Discussion Post: Existing Legal Frameworks and Problems

CTA: “In these threads, we attempt to further the discussion of a key problem in this category and evolve our understanding of the domain space where research work has not yet answered the specific problem or question being considered. These posts are living documents, and it is our hope that the community will continue to contribute to their structure and content.”

Citation: Fairfield, Joshua, Tokenized: The Law of Non-Fungible Tokens and Unique Digital Property (April 6, 2021). Indiana Law Journal, Forthcoming, Available at SSRN: https://ssrn.com/abstract=3821102

Background

Bank Secrecy Act of 1970 (BSA) - Legislation establishing financial reporting standards to keep organizations from laundering money, and assist law enforcement in detecting and preventing money laundering.

Convertible Virtual Currency (CVC) - According to the U.S. Department of Justice’s Financial Crimes Enforcement Network (FinCEN) guidelines, the term “virtual currency” refers to a medium of exchange that can operate like currency but does not have all the attributes of “real” currency, including legal tender status. A CVC is a type of virtual currency that either has an equivalent value as currency, or acts as a substitute for currency, and is therefore a type of “value that substitutes for currency.” Bitcoin is a CVC.

Legal Tender Digital Assets (LTDA) - Digital assets with legal tender status. Distinguished from CVCs in that they are a substitute for legal tender, and distinguished from a currency in that they do not have a coin or paper money associated with them. Like a CVC, LTDAs have value that substitutes for currency.

The DAO Report - The United States Securities and Exchange report which determined that issuing a cryptocurrency token likely violated the Securities Exchange Act of 1934 as an unlawful securities offering.

Intellectual Property (IP) - A work or invention that is the result of creativity, such as a manuscript or a design, to which one has rights, and for which one may apply for a patent, copyright, trademark, etc.

Intellectual Property License - IP licenses allow individuals or businesses to use another’s IP rights in exchange for a fee. The person or company granting the licence is the licensor, and the person receiving the licence is the licensee.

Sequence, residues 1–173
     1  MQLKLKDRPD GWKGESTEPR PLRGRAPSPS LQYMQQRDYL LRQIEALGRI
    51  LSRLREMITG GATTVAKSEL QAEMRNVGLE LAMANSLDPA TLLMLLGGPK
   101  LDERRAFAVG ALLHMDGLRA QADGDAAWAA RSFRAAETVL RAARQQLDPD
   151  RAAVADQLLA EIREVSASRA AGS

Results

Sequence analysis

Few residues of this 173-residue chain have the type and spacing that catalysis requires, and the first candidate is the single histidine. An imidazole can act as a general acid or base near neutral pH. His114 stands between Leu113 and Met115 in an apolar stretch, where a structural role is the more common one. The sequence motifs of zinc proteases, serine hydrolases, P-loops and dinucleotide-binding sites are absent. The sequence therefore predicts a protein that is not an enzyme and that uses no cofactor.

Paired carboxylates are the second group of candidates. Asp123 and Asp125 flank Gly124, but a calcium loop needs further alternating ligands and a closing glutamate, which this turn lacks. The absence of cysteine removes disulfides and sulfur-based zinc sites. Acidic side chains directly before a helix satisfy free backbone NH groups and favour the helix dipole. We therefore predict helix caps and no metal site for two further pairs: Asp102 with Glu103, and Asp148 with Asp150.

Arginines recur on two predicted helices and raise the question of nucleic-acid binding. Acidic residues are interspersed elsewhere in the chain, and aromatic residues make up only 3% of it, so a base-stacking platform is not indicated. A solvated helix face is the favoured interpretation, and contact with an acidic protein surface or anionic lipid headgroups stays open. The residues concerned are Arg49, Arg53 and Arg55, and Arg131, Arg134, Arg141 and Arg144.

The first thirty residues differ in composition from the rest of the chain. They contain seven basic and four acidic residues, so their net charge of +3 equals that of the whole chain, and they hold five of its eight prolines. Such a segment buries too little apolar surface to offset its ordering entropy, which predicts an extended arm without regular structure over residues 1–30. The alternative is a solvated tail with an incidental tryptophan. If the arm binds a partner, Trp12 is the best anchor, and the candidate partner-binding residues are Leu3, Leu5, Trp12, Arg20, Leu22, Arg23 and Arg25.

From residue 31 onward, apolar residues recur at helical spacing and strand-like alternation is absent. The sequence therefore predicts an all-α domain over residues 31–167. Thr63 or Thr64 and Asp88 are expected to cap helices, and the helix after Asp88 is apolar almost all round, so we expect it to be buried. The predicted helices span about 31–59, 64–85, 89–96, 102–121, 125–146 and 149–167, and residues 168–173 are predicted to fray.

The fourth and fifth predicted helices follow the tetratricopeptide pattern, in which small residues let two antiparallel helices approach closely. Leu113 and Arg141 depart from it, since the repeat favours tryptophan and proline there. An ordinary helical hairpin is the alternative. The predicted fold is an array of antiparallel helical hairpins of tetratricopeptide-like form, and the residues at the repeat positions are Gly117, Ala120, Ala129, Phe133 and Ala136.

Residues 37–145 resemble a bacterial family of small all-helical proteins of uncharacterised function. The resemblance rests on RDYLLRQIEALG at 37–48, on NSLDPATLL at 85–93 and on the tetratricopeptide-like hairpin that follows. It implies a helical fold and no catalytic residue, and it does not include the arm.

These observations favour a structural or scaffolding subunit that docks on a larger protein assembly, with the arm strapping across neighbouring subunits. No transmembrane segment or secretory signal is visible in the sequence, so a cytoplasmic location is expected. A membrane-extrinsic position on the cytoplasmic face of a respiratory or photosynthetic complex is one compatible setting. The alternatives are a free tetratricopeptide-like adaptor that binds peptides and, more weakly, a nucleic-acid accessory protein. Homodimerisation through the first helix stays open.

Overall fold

License Conditions - The terms of agreement to which a licensee agrees to abide by when using IP granted by the licensor.
Personal Property - Synonymous with chattel. Any movable thing or intangible item of value that is capable of being owned by a person and not recognized as real property (i.e. land and property permanently attached to a piece of land).

Intangible Personal Property - Intangible personal property is an item of individual value that cannot be touched or held. This can include any item of worth that is not physical in nature but instead represents something else of value such as images, social and reputational capital, and recently, personal social media pages and other personal digital assets.

Contract - An agreement between private parties creating mutual obligations enforceable by law. The basic elements required for the agreement to be a legally enforceable contract are: mutual assent, expressed by a valid offer and acceptance; adequate consideration; capacity; and legality.

Sales Law - The Uniform Commercial Code (UCC) Article Two is the main body of law regulating sales and leases of goods in the United States.

Goods - All things movable and identified to a contract of sale. It does not include secured transactions, leases, money exchanged as the price, or real property (land and property permanently attached to a piece of land). To be identified to the contract, a good must exist and be one of the objects that is or will be exchanged.

RAM-copy Doctrine - A 1998 case concluded that although a copy made by a computer’s virtual memory was a copyright “copy,” the defendant was not liable for infringement.

Key Problem / Topic Area

Joshua Fairfield argues that NFTs are personal property, not contracts (despite being called “smart contracts’’). This discussion post covers the second section of “Tokenized: The Law of Non-Fungible Tokens and Unique Digital Property,” which argues that because NFT transactions take the form of a sale, the law of sales of personal property should apply, placing them within existing legal frameworks.

For a discussion of how NFTs are framed as personal property instead of intellectual property please refer to “Creating Digital Uniqueness.”

Specific Question or Problem Statement

Does the use of NFTs as collectables more closely resemble the way people buy personal property or the way people license intellectual property? How much control should a seller have over an immediate or eventual buyer’s use of a fully bought-and-paid-for digital asset?

Approach / Methodology

This discussion is devoted to the second of three sections in Fairfield’s article. The current legal regime allows an intellectual property holder to claw back significant rights from purchasers. NFTs, according to the author, are expressly sold on the basis of ownership narratives. Yet the past two decades of legal development have all but eradicated ownership interest online in favor of a contract and licensing regime.

The name “Smart Contract” evolved from crypto-theorists’ desire to do away with the law, which Fairfield says was born out of technologists’ misunderstanding of what a contract is: it is the making of promises, not their means of execution. Automatically executing programs, he says, are not contracts if there has been no bargained-for exchange of promises or intent to enter into binding legal relations. Nearly every legal analysis concludes that while code might help execute a contract, smart contract programs are not themselves contracts.